Molehill turns into a Mountain
The Hearings bring to a close what should have been a minor measurement incident that has escalated into the most serious form of disciplinary Hearing in the sport.

It relates to the finding on July 26, that a builder supplied part, a kingpost, of three AC45's managed by America's Cup Defenders Oracle Team USA, had been tampered with, by having additional weight added to them.

The kingposts, also known as dolphin strikers, are struts that are located under the wingsail and sprit, through which support rigging is run and tensioned to spread structural loads in the AC45's and indeed most multihulls. The AC45's have two kingposts.

The weight discrepancy was discovered by boatbuilders working for America's Cup Regatta Management (ACRM), not members of Oracle Team USA.

The amount of additional weight added was miniscule, and it is equally hard to understand why it would be located outside of the prescribed corrector weight area, however the point is that it was a breach of the Class Rules for the AC45 - which is a one design manufacturer supplied class.

A second report from the Measurement Committee highlighted the fact that the length and end fittings on some of the kingposts used in the Oracle Team USA 45's were of a different length and internal construction than the factory supplied kingposts. And further that while other kingposts had been removed and repaired by other teams they were all identical to the factory supplied items. While two of those from the Oracle boats had a measurable variance.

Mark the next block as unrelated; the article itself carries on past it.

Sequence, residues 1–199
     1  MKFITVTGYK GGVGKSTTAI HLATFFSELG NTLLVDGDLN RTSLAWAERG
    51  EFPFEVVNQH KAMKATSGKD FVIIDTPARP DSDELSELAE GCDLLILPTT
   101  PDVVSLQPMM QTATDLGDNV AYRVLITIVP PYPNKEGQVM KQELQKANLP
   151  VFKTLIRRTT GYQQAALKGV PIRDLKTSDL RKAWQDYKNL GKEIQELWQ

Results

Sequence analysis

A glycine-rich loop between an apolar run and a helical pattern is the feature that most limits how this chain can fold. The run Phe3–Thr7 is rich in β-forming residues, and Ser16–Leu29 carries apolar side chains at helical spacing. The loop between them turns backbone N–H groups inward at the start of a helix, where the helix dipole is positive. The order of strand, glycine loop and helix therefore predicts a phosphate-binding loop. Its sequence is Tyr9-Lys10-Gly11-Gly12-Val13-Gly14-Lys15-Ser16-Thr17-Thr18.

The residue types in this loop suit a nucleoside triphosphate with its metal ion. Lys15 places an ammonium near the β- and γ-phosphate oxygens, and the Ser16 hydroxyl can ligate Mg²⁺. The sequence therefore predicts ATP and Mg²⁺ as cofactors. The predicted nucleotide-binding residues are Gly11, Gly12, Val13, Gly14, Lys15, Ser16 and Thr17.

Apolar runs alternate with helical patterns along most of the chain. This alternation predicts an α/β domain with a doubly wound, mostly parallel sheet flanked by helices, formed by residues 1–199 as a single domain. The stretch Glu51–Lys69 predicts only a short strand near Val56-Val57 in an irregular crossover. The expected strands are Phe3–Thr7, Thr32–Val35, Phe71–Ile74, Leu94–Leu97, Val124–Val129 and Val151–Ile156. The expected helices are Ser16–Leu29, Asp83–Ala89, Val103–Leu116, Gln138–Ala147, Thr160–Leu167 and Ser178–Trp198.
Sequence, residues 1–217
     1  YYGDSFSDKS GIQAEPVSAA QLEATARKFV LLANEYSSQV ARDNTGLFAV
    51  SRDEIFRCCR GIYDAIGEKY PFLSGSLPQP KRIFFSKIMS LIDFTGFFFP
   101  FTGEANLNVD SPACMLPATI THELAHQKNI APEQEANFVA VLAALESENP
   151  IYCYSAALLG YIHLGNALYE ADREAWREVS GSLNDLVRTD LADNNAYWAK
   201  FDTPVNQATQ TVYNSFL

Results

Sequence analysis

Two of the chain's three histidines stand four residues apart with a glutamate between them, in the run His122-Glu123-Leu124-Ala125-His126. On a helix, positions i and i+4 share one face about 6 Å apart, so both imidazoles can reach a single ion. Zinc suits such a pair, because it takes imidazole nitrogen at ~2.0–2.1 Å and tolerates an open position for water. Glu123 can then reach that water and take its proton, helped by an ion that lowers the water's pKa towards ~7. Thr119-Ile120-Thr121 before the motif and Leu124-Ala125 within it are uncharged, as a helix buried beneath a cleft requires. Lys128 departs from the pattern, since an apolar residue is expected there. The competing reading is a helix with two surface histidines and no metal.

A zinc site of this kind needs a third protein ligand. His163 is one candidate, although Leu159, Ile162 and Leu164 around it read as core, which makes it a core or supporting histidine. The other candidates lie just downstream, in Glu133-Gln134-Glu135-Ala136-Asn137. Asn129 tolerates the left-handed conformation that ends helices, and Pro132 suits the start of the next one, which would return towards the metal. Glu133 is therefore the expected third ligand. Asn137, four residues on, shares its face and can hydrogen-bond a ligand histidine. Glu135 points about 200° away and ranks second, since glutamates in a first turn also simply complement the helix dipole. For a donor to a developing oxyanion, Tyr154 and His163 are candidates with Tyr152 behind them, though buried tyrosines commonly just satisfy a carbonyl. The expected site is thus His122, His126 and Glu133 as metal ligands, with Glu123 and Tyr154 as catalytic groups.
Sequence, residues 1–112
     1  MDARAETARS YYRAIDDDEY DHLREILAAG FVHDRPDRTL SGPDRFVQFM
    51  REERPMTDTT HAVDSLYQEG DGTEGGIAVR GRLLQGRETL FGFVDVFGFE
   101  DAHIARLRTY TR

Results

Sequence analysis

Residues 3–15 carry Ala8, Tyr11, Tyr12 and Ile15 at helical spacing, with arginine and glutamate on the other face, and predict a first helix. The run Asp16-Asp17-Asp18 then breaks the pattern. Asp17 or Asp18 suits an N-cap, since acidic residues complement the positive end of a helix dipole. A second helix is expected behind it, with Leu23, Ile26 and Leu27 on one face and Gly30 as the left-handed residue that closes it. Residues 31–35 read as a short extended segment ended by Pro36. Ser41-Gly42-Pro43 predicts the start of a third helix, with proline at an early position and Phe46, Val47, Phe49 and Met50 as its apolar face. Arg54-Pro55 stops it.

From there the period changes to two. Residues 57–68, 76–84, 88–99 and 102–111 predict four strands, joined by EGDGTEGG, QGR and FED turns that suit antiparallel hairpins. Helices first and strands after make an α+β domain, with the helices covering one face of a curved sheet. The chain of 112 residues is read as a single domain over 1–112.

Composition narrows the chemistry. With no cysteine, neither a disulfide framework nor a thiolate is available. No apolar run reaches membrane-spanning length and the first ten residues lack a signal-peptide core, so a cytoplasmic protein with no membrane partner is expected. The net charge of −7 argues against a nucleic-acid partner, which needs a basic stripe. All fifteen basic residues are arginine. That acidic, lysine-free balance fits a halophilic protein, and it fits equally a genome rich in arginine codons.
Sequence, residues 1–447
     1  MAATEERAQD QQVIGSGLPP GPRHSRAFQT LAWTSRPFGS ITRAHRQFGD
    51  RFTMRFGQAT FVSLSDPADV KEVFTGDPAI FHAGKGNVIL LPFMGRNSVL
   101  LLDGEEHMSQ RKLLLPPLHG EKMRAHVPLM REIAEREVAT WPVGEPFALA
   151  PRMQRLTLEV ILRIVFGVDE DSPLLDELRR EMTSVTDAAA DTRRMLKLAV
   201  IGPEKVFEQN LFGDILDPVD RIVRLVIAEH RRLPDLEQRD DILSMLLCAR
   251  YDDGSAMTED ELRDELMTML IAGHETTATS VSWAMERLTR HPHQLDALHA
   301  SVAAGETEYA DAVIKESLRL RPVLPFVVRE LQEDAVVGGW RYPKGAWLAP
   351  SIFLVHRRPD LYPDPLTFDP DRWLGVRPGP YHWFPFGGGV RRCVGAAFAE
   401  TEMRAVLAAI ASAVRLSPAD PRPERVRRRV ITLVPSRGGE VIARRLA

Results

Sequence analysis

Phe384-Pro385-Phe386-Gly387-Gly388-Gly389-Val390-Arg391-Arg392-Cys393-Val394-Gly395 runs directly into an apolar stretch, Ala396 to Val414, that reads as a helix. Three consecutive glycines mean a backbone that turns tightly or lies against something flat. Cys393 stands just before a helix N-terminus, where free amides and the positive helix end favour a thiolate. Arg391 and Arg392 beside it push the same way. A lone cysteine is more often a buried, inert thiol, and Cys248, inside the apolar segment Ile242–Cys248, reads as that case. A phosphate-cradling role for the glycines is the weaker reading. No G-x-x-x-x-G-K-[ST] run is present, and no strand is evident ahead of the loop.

This issue should have been a relatively simple matter of the team identifying the people involved, the circumstances, and providing the Measurer with a full explanation - all within 24 hours. Had they done so, they could maybe have avoided the ignominy of withdrawing from the last four events of the America's Cup World Series, of which Oracle Team USA had won three and finished second in the other, together with the two Hearings.

One of the reports to be considered by the International Jury will be from America's Cup Events Authority commenting on its views as to what they consider to be the impact of Oracle Team USA's actions on the sport and America's Cup. That report was to be filed on August 28.

The Jury has indicated that penalties which may be imposed will not be limited to those prescribed in the Protocol. Penalties imposed under Article 60 are restricted to just the America's Cup. The International Jury cannot impose an all-of-sport penalty which may only be done by the International Sailing Federation after receiving and considering a report from an International Jury, after a Hearing conducted under Rule 69 of the ISAF's Racing Rules, or the national sports body of the host country, in this case US Sailing.

Suspensions from the sport are moderately common in Code of Conduct style cases, whether or not they are also criminal offenses.

by Richard Gladwell